to own oneself

In Hermia insists upon her right to decide over her own body. This power to refuse others access to one's body is one of the few rights of virgins, and it is one that Helena also refers to in her anger at Demetrius in II i 220-230.

Theseus appropriates the source of Hermia's fragile power: her ability to deny men access to her body. He usurps the power of virginity by imposing upon Hermia his own power to deny her the use of the body. If she will not submit to its use by her father and by Demitrius, she must 'abjure forever the society of men' and 'live a barren sister all [her] life' (I i 65-6, 72). Her own words suggest that the female body is a supreme form of property and a locus for the contestation fo authority. (Montrose 1996: 110)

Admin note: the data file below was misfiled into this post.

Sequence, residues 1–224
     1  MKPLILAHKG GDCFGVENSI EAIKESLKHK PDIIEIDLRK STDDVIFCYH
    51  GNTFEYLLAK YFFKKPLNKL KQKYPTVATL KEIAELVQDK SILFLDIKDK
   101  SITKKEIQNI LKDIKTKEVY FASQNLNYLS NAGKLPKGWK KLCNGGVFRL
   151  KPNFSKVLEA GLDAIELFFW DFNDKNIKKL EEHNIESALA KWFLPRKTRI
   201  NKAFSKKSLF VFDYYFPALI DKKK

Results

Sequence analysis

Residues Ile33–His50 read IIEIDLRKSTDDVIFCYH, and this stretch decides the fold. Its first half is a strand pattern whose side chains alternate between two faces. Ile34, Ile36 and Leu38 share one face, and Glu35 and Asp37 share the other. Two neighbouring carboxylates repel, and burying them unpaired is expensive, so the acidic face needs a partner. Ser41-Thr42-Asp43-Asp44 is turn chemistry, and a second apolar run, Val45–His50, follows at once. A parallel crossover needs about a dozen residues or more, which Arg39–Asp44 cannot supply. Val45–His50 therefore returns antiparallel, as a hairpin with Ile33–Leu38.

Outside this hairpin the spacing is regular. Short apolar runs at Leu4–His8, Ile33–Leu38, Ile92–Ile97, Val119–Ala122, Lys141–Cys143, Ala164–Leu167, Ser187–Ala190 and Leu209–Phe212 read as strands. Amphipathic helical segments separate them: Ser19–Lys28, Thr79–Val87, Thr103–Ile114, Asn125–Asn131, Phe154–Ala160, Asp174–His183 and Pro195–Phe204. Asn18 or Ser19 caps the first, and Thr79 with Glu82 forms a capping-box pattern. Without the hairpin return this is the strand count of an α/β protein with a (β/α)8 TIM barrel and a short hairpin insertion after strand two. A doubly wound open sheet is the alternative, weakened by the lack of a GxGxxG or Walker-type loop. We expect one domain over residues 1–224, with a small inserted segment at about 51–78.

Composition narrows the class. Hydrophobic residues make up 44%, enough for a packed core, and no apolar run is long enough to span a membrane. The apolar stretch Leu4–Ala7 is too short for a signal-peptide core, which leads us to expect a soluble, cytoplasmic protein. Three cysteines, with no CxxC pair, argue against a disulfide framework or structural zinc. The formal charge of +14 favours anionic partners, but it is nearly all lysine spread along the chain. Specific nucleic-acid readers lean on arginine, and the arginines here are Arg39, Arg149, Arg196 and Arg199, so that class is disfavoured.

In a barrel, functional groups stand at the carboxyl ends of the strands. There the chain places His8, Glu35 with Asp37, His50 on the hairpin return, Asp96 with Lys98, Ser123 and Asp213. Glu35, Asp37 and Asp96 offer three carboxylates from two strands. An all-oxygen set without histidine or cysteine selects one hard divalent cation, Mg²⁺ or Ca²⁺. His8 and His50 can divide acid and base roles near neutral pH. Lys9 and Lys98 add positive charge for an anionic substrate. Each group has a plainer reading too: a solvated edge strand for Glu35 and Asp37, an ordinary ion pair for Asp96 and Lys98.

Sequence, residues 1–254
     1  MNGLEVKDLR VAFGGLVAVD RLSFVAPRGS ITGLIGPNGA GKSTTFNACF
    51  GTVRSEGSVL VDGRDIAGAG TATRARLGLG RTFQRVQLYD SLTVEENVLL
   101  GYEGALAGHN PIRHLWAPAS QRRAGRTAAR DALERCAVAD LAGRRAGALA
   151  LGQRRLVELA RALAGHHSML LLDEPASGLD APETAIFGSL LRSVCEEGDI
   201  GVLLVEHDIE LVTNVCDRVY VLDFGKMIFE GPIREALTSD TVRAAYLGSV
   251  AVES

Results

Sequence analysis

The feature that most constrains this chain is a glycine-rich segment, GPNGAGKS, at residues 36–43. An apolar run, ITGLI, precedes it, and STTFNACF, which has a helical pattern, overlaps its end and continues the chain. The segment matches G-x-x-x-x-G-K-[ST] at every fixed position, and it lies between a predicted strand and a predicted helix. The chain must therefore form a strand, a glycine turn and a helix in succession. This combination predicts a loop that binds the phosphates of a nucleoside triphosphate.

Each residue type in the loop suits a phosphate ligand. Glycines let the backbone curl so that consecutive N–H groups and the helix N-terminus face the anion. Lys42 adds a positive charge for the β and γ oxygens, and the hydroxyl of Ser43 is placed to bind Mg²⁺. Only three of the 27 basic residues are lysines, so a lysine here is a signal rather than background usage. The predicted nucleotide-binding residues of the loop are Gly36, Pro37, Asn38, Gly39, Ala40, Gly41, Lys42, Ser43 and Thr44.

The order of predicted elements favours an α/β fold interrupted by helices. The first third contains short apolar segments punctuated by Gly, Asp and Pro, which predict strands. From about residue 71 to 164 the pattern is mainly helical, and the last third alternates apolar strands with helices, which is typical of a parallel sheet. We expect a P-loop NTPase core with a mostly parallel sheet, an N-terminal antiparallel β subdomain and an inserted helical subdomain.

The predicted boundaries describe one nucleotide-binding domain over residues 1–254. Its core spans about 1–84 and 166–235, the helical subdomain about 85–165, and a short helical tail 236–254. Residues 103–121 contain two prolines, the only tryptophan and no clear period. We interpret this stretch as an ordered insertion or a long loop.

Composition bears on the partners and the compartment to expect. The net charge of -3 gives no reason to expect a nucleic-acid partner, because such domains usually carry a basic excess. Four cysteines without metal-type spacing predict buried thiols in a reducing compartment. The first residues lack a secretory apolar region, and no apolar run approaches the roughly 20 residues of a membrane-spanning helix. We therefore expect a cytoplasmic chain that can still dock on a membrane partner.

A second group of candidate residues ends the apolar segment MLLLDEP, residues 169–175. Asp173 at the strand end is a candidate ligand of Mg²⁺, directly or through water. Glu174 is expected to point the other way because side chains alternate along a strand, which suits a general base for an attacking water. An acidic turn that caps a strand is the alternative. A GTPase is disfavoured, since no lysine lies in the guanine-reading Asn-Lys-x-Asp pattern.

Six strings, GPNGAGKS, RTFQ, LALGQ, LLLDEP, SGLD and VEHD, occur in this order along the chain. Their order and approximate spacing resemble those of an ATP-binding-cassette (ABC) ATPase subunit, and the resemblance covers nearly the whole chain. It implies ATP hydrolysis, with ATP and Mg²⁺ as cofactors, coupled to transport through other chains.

Hermia is given the right to choose with whom she wishes to share her body, but her choice can be seen simply to lead her from being the property of her father to being the property of her husband.

in the text:

Theseus tells Hermia she must choose between Demetrius, death and chastity in I i 65-90

Hermia tells Lysander to "lie further off" in II ii 38-60.

see also:

Seeing how love is depicted in the play, words seem more important than bodies.

Theseus and Egeus speak of Hermia as if she should have no independent volition.